The students of Mercaz Harav are today spread throughout Israel, yet they are split apart and do not properly honor one another. Only if we know how to restore the spiritual essence of brotherhood, the unity that existed in our camp; only if we all join hands and enable each individual to advance by his own means the enterprise of bringing the divine presence to rest upon Israel, then G-d will send a blessing upon our deeds, and a redeemer shall come to Zion.

Catch Rabbi David Samson’s weekly Torah insight on “Israeli Salad” at (produced in cooperation with Machon Meir).

Rabbi Shlomo AvinerChief Rabbi of Beit El
“I’m Going to be a Professor”

(In memory of a woman who educated a generation of women, Rabbanit Chanah Tau)

Yes, I’m going to be a professor! My husband is finishing a doctorate in Physics. I am not jealous of him, but I, too, am going to be a professor. I sense that I have the talents for this. I want degrees and a career. I am going to be a professor. I will succeed, and my students will appreciate me. I want equality. This is not my recommendation. It is G-d’s, who created man and woman equal. We were both created in the image of G-d. I have a pure soul, and I believe in myself. Certainly, I am different from my husband, but not inferior to him.

I shall be a professor. That is a dream I have been harboring since my Ulpena High School days. I am set on this, and I even know what I want to be a professor of. I want to be a professor of education, a professor of THE EDUCATION OF MY CHILDREN, with lots of degrees, degrees in femininity, in marriage and in motherhood. Why are you smiling? It’s no joke. My husband fashions electronic components for some important device, and I shall fashion children. I shall fashion souls. So why are you laughing? Is this any less important? No, it’s a lot more important. I shall be a professor of my children’s education.

Certainly I love all the children in the world, but my own children come first. At present I am a homeroom teacher, and I am good at it, and dedicated. I love this work and am happy about it. Yet the moment my first infant is born, G-d willing, I will stop. I belong solely to my children. If I have to work to support my family, I will do the minimum I can. Obviously, I will work faithfully, but only as much as is needed, or if I feel the need to “get out a little.”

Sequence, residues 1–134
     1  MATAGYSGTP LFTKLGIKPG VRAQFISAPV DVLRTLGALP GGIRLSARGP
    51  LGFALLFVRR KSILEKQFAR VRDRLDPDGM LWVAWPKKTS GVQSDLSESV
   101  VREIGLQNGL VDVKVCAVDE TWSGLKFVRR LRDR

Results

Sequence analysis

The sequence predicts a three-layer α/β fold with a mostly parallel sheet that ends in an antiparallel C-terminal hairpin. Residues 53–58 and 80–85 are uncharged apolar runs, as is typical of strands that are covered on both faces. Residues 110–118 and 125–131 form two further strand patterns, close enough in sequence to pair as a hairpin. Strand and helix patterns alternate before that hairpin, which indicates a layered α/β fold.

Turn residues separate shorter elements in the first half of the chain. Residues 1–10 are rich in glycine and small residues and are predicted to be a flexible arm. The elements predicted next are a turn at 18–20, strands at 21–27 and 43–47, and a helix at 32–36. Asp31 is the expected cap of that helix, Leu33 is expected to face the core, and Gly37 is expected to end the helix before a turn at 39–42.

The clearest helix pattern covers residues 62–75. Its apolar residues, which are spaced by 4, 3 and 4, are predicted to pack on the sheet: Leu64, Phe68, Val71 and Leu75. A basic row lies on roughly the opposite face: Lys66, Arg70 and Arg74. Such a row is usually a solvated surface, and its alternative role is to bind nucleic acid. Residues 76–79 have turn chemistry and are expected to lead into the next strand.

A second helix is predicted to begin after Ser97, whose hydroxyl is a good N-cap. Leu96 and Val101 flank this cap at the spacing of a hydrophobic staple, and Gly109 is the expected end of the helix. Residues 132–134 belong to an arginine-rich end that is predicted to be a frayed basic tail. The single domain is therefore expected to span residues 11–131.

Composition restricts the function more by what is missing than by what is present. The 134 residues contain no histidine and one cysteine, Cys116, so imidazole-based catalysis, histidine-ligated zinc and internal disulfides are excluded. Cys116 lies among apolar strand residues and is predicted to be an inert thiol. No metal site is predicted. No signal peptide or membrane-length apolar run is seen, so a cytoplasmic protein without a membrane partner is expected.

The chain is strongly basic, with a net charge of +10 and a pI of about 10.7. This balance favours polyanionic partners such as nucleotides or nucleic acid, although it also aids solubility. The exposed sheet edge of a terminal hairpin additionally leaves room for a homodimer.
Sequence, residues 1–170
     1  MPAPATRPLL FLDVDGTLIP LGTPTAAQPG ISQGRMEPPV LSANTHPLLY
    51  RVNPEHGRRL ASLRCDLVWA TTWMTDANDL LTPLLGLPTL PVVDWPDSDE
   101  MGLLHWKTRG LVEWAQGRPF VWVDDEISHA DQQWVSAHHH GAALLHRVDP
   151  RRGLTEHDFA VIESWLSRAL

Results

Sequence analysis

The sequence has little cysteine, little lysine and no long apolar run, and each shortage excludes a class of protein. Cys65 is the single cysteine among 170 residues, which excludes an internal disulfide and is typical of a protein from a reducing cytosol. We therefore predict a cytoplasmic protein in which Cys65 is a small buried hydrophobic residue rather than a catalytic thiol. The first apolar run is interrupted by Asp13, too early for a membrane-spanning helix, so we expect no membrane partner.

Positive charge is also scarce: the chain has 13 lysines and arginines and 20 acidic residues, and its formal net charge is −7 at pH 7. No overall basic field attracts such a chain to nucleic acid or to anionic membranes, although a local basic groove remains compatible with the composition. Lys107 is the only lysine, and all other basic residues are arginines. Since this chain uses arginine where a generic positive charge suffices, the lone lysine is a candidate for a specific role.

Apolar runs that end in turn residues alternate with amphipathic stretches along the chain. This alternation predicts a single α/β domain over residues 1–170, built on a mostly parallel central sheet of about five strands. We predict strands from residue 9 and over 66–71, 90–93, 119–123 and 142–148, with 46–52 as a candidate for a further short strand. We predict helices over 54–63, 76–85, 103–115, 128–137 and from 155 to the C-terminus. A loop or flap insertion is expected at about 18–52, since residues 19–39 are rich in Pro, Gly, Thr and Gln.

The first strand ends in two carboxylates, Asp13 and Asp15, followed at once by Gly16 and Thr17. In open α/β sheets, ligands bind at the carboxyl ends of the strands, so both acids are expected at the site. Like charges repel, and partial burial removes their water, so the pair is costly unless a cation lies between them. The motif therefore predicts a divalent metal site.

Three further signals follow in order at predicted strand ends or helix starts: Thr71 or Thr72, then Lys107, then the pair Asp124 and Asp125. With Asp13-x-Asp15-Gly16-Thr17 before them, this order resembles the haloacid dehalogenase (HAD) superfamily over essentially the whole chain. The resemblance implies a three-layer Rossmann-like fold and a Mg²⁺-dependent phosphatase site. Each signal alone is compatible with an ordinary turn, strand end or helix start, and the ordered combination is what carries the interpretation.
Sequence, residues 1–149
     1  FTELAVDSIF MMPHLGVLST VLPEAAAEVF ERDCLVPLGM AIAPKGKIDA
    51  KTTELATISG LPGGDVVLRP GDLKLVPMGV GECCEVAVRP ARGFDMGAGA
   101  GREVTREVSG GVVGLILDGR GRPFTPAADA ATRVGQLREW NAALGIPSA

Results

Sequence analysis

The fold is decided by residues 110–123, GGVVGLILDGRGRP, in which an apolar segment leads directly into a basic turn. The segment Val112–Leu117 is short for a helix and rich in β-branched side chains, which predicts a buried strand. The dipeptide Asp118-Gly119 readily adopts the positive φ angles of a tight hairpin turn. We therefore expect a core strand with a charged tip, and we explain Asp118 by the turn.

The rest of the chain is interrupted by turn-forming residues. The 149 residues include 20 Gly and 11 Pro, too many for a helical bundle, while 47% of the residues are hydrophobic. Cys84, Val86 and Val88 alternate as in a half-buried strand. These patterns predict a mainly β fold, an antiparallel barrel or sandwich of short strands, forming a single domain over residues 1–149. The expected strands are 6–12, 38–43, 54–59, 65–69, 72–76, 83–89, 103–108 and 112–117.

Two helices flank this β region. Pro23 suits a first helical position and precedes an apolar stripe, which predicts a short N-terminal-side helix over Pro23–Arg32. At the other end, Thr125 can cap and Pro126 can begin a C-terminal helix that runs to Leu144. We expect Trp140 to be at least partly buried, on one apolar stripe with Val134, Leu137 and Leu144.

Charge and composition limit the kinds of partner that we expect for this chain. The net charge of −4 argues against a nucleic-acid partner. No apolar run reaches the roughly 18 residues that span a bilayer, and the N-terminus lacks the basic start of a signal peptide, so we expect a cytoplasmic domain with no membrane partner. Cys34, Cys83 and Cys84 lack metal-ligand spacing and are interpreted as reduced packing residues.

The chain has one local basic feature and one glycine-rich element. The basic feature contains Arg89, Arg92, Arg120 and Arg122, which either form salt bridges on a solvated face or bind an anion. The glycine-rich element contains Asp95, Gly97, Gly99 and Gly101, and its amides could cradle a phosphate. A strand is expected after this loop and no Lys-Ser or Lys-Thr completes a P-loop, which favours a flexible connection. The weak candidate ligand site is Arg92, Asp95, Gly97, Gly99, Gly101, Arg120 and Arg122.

So who will fill my important role as a teacher? My neighbor, who stopped work as a teacher when her first infant was born, and now that her children are grown is returning to the workplace. Motherhood is a professorship, and holy work as well. It’s an enormous mission. Rabbi Yisrael Salanter said, I believe, “The carpenter treads on sawdust, the glassblower on glass shards, and the educator on souls.” Indeed, it’s an enormous responsibility, but I feel I’ve got the resources to handle it.

And my ruling domain is my home. I shall be the professor in my home, a home serving three functions, as Maharal said (Derech Chaim on Avot 1:4-5): 1) a material haven against sun, rain and all other seasonal threats; 2) an emotional haven in which a person feels good; and 3) a spiritual haven, in which everyone can grow up in with faith and good character.
1. I want a pleasant home in which the dishes are washed, the towels are clean, the trash container is emptied out, delicious food is waiting, and the table is set and beckons us at mealtime. I want laundry that gets washed and ironed, and I want shirts with all the buttons sewed on. I want a home with flourishing houseplants, and I want my child to be bathed and their teeth to be brushed. This little home will be a miniature Eden.
2. Yet the most important thing is that there should be a pleasant, warm atmosphere in my home both for my children and for my husband as well, who greatly needs this as well. There should be an atmosphere of trust in my children. They will grow up happy, calm and emotionally healthy. Obviously, they won’t grow up spoiled, but I won’t forget for a moment that like the air we breath, they need to feel loved.
This I know from our master, Rabbi Tzvi Yehuda Kook, who taught us that the beginning of a child’s education is when he is nursed. At first I didn’t understand what he was saying, but when he explained that education means having a connection, I understood. It was like a bolt of lightning for me. Education doesn’t mean just bequeathing knowledge, but warmth and love and hugs. Nursing an infant is one expression of love that make one grow up to be a person of integrity. For my children and my husband, my home is not going to be another battlefront of life, but a pleasant place in which they are accepted as they are. Then they will go out and do remarkable things. Even doing homework together with my children will be a pleasant experience.
3. My home will be a place where Torah and faith, reverence and good character are nurtured, since before all else, I myself will be like that.

So you see that you have nothing to laugh about. You see that this is a professorship with many degrees in all sorts of fields. You see that this is holy work, which I learned from the saintly women of Egypt. And where will I be in all of this? When shall I worry about my own needs as well? The point is that the things described above precisely constitute my own happiness and welfare. When I, morning until evening, say to my children and my husband, “I love you and I believe in you,” and I see them placid and calm, laughing happily, nothing can make me happier than that.